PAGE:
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Governor’s Local Control Funding Formula brings optimism and concerns

By Theresa Harrington
Friday, March 15th, 2013 at 6:27 pm in Education, Mt. Diablo school district.

The governor’s plan to give school boards more control over how they spend money — and give more funding to districts with a needy students — is creating both optimism and concern in the education community.

At a New America Media briefing about the proposal Wednesday, three panelists described the frenzied debate going on in Sacramento and districts throughout the state, which are trying to get as much money as possible for their students.

A California Budget Project policy analyst joined the executive director of Education Trust-West and an EdSource reporter to talk about how this proposal could revolutionize school funding in a way that the state hasn’t seen in decades.

Jonathan Kaplan from the California Budget Project said the formula would give schools with low-income students and English learners more money over seven years, which could end up flip-flopping current funding inequities. For example, the Dublin school district now gets about $1,000 more per student than Alameda City Unified, he said. But under the governor’s proposal, Dublin would get about $3,000 less per student after seven years.

“Some people say there are winners and losers after this,” he said. “But, are there winners and losers now?”

Arun Ramanathan, executive director of Education Trust-West, said the extra money for low-income and immigrant students could help the state overcome the persistent achievement gap. But, the proposal needs to be strengthened to ensure that extra money really goes to those students and not to other board priorities, he cautioned.

He said civil rights groups are struggling with the proposal because they agree that needy students deserve more money, but they think school districts should be required to show how they will use it to help struggling kids.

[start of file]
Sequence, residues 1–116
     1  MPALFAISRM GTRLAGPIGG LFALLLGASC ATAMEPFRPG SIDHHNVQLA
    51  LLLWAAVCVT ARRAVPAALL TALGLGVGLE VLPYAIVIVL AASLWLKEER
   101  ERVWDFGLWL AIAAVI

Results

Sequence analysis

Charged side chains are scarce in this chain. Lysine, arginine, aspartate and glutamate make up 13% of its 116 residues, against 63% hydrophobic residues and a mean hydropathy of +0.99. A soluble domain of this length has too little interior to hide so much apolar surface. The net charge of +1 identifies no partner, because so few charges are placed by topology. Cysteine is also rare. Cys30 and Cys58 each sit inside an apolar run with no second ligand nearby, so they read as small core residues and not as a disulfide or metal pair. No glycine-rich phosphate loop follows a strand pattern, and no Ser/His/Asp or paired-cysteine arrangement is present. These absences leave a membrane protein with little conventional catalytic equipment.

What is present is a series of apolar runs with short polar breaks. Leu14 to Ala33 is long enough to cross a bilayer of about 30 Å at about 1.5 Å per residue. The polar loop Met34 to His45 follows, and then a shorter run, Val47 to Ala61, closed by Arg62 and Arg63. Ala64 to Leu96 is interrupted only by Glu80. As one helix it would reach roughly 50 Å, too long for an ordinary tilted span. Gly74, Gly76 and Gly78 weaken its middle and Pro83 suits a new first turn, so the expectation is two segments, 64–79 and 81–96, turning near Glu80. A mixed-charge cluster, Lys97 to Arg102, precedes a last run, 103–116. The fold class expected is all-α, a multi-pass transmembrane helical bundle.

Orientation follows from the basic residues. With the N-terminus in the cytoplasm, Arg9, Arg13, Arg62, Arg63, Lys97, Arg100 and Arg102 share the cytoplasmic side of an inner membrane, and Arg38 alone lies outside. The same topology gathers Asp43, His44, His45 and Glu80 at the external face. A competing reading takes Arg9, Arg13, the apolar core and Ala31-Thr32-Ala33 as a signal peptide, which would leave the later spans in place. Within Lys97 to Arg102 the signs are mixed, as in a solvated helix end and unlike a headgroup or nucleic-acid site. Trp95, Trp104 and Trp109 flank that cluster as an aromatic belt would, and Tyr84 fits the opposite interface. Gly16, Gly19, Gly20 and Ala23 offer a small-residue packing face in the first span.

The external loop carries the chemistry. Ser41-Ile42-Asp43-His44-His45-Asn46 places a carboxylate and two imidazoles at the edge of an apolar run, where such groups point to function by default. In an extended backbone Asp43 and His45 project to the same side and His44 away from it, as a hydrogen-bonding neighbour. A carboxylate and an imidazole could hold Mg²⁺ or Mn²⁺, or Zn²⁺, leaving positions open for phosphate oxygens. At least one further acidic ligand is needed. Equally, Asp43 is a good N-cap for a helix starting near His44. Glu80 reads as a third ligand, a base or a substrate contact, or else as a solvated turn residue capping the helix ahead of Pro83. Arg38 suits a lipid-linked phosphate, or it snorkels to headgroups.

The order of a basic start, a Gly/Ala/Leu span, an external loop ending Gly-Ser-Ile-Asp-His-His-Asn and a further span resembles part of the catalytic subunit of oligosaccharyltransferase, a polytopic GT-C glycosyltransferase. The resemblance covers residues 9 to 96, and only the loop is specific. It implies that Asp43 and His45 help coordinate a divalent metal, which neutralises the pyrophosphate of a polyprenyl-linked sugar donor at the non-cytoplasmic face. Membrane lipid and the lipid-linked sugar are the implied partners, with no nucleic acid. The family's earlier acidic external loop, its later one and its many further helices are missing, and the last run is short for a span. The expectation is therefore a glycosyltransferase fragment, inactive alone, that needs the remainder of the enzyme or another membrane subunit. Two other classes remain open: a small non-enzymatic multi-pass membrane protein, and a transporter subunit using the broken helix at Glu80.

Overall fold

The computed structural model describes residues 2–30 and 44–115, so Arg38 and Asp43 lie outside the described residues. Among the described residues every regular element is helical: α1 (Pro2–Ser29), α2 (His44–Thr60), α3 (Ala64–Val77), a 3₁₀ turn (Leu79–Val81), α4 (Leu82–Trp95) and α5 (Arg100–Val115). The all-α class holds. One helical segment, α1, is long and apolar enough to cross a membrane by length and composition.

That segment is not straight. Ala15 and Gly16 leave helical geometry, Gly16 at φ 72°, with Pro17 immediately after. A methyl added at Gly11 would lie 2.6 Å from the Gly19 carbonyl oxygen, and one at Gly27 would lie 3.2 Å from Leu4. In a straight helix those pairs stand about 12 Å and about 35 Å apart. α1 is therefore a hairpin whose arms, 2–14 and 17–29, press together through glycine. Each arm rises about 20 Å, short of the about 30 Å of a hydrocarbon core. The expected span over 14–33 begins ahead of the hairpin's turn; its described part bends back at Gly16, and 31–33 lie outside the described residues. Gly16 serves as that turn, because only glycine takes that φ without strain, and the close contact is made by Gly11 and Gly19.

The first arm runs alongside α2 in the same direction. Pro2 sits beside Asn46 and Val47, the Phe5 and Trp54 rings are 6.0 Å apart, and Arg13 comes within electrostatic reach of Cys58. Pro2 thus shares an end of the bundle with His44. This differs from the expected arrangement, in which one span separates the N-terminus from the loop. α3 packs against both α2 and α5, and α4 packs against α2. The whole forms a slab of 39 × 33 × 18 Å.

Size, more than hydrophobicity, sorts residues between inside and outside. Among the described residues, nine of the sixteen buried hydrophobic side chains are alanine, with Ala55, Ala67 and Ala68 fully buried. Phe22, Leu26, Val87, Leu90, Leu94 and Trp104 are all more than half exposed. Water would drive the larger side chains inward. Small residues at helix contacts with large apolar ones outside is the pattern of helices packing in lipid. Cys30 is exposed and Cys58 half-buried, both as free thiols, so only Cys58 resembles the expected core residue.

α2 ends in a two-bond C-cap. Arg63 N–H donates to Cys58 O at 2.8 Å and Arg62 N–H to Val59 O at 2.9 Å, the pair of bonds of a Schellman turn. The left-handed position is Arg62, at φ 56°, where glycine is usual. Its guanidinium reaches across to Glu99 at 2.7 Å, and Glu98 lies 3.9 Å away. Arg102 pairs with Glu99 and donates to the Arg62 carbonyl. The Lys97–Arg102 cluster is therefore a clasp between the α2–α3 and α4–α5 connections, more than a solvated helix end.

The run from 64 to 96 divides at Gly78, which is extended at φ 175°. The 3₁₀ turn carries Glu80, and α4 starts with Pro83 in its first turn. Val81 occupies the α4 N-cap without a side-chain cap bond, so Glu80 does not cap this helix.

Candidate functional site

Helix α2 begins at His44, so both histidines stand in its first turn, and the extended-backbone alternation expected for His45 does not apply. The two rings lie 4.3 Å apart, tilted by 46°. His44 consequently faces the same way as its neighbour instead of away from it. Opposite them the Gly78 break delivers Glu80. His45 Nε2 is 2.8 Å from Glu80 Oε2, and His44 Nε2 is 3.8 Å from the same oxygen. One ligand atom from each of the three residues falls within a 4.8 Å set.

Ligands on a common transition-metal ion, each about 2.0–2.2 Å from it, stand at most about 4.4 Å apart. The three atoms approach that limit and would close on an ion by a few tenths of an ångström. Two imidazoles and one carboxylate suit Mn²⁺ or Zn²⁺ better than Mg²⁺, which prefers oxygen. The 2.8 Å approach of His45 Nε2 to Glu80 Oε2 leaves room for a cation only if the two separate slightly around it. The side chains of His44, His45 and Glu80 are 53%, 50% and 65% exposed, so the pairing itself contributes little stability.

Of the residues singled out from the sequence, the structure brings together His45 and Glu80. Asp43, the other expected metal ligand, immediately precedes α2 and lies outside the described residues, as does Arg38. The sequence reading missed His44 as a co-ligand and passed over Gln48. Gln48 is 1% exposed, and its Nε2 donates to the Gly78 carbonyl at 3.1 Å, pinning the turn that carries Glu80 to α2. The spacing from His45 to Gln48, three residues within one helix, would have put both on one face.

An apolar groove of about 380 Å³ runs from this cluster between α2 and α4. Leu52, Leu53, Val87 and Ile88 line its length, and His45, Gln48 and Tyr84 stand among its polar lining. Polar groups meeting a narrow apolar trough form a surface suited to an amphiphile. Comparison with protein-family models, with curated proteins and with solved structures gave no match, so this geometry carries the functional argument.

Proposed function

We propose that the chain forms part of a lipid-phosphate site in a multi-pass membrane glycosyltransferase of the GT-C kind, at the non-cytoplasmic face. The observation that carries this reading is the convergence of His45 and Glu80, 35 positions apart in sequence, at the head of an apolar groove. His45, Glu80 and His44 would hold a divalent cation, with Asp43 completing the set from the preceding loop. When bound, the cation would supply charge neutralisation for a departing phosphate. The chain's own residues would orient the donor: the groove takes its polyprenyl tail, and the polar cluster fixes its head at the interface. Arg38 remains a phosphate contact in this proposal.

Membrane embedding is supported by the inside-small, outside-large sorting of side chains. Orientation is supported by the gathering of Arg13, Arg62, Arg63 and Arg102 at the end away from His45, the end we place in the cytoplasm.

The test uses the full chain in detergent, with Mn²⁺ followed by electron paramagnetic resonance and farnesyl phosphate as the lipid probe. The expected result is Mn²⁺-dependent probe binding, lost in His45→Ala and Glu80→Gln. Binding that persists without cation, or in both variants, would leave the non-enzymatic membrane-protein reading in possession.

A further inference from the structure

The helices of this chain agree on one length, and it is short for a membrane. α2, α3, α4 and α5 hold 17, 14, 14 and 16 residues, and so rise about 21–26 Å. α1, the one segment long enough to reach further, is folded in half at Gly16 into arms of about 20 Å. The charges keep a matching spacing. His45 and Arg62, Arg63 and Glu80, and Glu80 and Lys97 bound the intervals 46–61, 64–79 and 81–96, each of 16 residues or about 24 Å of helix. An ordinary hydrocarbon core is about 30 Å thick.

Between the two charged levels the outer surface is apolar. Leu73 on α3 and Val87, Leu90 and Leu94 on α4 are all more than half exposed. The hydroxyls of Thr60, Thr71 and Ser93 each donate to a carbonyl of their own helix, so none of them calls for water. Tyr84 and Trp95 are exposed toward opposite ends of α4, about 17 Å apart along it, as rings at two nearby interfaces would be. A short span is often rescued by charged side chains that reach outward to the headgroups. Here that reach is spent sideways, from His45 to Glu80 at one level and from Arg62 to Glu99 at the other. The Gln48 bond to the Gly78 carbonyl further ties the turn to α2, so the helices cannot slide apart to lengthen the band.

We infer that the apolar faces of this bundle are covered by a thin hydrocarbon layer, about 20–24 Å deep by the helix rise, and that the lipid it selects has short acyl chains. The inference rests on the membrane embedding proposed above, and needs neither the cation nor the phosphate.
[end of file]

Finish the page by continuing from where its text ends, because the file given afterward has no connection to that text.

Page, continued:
“Who’s going to hold districts accountable?” he said.

John Fensterwald, a longtime education editor and journalist, said local control will require school boards to be effective.

“The dynamic is changing,” he said, “so it requires much more intelligent, involved school board members than we’ve had before.”

He hinted that some may not be up to the task.

“There is debate over the wisdom of local school boards,” he said. “Those of us who have been around school boards have seen that they vary in quality.”

But he said everyone fundamentally agrees that more money should go to the neediest students.

“The dichotomy over winners and losers distracts from overall agreement that inequity needs to be addressed,” he said.

One issue of concern is that funds currently set aside for specific programs that help vulnerable students, such as those for foster youth, will be lumped together in a pot of money that districts could spend however they want.

“The language needs to say it will supplement dollars being spent on needy students,” he said, “not supplant it.”

Another twist is that money will not be designated for individual schools, it will go straight to the district. So, in districts such as Mt. Diablo — which includes poor communities as well as wealthy communities — the poor schools may not be assured of getting the extra money meant for their students.

“Parents are going to have to be very vigilant,” Fensterwald said, “and hold boards and districts accountable for spending money on needy students.”

Ramanathan agreed.

“For years, school boards have punted this to Sacramento, saying, ‘Our hands are tied,’” Ramanathan said. “Now, they will be accountable for how they spend money.”